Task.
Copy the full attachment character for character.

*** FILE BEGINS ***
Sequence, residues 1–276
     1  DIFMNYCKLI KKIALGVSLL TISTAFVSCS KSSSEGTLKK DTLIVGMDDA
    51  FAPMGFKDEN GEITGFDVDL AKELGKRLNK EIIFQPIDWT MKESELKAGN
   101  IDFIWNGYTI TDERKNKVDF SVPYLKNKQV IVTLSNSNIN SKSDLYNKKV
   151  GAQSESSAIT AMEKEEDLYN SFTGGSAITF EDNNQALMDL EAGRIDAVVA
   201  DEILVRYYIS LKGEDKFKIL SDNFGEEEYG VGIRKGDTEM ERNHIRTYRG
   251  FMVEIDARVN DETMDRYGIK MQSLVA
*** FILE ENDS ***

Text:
Sequence, residues 1–276
     1  DIFMNYCKLI KKIALGVSLL TISTAFVSCS KSSSEGTLKK DTLIVGMDDA
    51  FAPMGFKDEN GEITGFDVDL AKELGKRLNK EIIFQPIDWT MKESELKAGN
   101  IDFIWNGYTI TDERKNKVDF SVPYLKNKQV IVTLSNSNIN SKSDLYNKKV
   151  GAQSESSAIT AMEKEEDLYN SFTGGSAITF EDNNQALMDL EAGRIDAVVA
   201  DEILVRYYIS LKGEDKFKIL SDNFGEEEYG VGIRKGDTEM ERNHIRTYRG
   251  FMVEIDARVN DETMDRYGIK MQSLVA